This morning I am heading to Heathrow to join the other 20 some pilgrims of the Compass Rose Society who are making their way to Ghana.
Ghana is in West Africa, right along that little bump that juts out into the Atlantic Ocean. The name Ghana means "warrior king" and is what the medieval kings were called. The country was colonized for its Gold and eventually became a key to the slave trade. After a number of military and civilian governments it today stands as an emerging economic hub in Africa. It is rich in natural resources.
We will be going to Southern Ghana flying into Accra. Then we will make our way to the Cape Coast which was the center of the slave trade. We will pilgrim to one of the sites that is said to have been the port for largest export of human trafficking during that awful period of global exploitation which lasted the longest in our own country and has had a lasting impact on the U.S. I expect this to be a very powerful part of our trip.
We are going as members of the Anglican family to see the ministry of the Church in Ghana. It is alive with Television programming, emerging mission communities, strong women's ministry and youth programs. They are very focused on being and forming Anglicans. We plan to visit the cathedral as well as other congregations and ministries.
I am grateful for their hospitality and for allowing us to share int he richness of God's work in Ghana. As we pray in one of our Eucharistic prayers - that we may see God's hand at work in the world around us. I know this will be true as we make our way to Ghana. God is doing great things there through the Anglican Church and The Most Rev. Torto and his flock. I am excited and interested to make connections. I am proud to represent the Diocese of Texas and to represent the Compass Rose Society.
Here is information on the history of the Anglican Church in Ghana taken from their website. It was written shortly after Archbishop Torto's election but before his leadership began.
The website may be found here: http://www.accraanglican.org
Diocese of Accra (Anglican / Episcopal)
In Memoriam Our Ancestral Leaders.
The Diocese of Accra, carved out of the Diocese of Equatorial Africa in 1909, was the fruit of the work of the Society for the Propagation of the Gospel in Foreign Parts (SPG), now United Society for the Propagation of the Gospel (USPG), which started in Cape Coast in 1751. Through some two centuries the mission spread through the Gold Coast. In response to that growth, and in consonance with the Anglican polity of "Synodically Governed, Episcopally led" the Diocese of Accra was created in 1909. The succession of Diocesan bishops to date have been Rt. Rev. Nathaniel Temple Hamlyn (1909 – 1910), Rt. Mowbray Stephen O'Rorke (1913 – 1923), Rt. Rev. John Orfeur Aglionby (1924-1951), Rt. Rev. John Charles Sydney Daly (1951 – 1955). Rt. Rev. Reginald Richard Roseveave S. S. M (1956 – 1967). So for the duration of the colonial story of Gold Coast, the Anglican Diocese was led by expatriate bishops who were, time and again, lampooned as colonial bishops. Though not official established Church of the British Colonial nation the Gold Coast, Anglican Church appeared to be closest to the British government.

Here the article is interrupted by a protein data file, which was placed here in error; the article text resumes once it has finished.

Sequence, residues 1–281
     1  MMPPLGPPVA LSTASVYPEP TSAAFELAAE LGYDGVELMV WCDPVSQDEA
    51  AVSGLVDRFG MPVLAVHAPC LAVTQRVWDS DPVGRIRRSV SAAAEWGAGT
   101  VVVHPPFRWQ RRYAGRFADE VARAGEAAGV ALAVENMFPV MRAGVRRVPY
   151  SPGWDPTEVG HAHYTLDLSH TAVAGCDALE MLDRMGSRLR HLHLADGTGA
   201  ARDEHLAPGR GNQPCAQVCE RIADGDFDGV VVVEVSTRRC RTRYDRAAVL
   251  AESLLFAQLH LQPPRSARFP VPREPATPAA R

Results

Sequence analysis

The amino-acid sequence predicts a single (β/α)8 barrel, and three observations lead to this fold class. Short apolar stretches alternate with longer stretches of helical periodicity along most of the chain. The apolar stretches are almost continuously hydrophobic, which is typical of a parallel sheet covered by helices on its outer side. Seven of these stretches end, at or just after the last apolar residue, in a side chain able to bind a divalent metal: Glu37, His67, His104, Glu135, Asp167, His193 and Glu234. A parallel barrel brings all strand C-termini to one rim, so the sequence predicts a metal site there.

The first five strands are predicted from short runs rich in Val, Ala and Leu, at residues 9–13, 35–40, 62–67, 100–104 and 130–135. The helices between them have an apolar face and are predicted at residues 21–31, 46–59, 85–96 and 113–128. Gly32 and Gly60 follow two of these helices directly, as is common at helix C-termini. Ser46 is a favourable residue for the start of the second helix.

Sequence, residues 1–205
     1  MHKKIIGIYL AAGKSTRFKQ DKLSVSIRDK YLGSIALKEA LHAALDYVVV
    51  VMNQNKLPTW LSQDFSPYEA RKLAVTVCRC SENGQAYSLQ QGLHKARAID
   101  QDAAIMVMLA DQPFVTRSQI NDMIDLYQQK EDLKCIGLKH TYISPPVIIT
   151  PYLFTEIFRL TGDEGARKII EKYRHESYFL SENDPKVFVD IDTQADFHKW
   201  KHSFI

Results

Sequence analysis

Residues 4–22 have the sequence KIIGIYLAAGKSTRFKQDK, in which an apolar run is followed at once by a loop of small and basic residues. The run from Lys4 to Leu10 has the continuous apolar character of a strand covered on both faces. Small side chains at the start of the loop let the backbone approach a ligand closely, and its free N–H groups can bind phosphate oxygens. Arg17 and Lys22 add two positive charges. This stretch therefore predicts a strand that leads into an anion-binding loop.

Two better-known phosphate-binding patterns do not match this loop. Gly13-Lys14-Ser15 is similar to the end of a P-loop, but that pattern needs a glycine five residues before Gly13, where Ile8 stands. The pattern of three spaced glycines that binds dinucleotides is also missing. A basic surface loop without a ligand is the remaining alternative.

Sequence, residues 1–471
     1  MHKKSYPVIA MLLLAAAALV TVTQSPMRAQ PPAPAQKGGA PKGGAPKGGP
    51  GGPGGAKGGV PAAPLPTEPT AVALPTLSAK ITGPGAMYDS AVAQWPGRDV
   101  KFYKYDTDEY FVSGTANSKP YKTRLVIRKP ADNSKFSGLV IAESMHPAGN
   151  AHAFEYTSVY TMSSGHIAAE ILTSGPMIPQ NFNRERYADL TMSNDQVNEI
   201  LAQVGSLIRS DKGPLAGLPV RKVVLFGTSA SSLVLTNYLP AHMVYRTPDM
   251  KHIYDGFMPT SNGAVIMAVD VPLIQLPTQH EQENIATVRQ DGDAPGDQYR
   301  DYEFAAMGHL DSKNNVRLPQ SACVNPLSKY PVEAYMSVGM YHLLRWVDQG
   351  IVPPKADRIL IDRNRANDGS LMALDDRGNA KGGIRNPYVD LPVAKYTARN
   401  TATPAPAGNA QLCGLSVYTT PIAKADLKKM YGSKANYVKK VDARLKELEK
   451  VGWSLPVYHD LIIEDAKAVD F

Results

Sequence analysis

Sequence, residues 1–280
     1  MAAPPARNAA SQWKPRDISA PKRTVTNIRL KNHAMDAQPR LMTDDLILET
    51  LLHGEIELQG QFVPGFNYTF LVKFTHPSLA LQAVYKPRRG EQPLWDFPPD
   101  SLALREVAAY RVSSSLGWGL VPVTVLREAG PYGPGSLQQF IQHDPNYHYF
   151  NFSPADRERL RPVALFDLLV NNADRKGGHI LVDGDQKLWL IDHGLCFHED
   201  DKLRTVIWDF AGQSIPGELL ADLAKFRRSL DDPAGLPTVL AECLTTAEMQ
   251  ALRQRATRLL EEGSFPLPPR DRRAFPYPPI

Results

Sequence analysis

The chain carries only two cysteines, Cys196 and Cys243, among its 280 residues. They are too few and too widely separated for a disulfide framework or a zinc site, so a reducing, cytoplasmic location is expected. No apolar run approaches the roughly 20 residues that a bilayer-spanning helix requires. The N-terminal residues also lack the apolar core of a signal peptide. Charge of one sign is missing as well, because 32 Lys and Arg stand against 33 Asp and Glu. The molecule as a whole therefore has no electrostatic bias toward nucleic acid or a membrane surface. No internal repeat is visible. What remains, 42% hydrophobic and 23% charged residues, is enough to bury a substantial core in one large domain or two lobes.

However, with the metamorphosis of Gold Coast to the Sovereign independent nation of Ghana on 6th March 1957, the Diocese of Accra which covered the whole landscape of Ghana, began to have natives leaders – Rt. Rev. Ishmael Samuel Mills LeMaire (1968 – 1982) Rt. Rev. Francis William Banahene Thompson (1983 – 1996) and Rt. Rev. Justice Ofei Akrofi (1996 – 2012). At the time of writing a coadjutor bishop has been elected to be consecrated on 24th June 2012 to succeed Rt. Rev. Akrofi, who retires 29th October, 2012.
Native Assistant Leadership
With the increasing volume of the mission Bishop Daly initiated an African Assistant Bishop, first native bishop Rt. Rev. Ezra Douglas Martinson and Rt. Rev. Richard Roseveare in his time had three Assistant bishops – Rt. Rev. I.S.M LeMaire (1968-1982), Rt. Rev. John Benjamin Arthur as assistant but located in Kumasi (1966-1973) and Rt. Rev. Major Aruna Kojo Nelson (Rtd) as Assistant Bishop (1966-1977) who served as Provost of the Cathedral Church of the Holy Trinity , Accra.
Two Diocesans were also Archbishops of CPWA
Diocese of Accra has been part of the Church of the Province of West Africa (CPWA) from its inception in April 17th , 1951. The Diocese of Accra has provided two of the Archbishops – Most Rev. I.S.M LeMaire (1981-82), the second African Archbishop of West Africa) and Most Rev. J. O. Akrofi (2004-29 October 2012). Straddling the two offices was taxing and demanded the charism of a conductor of an orchestra and ability to appreciate and encourage the use of others' charisms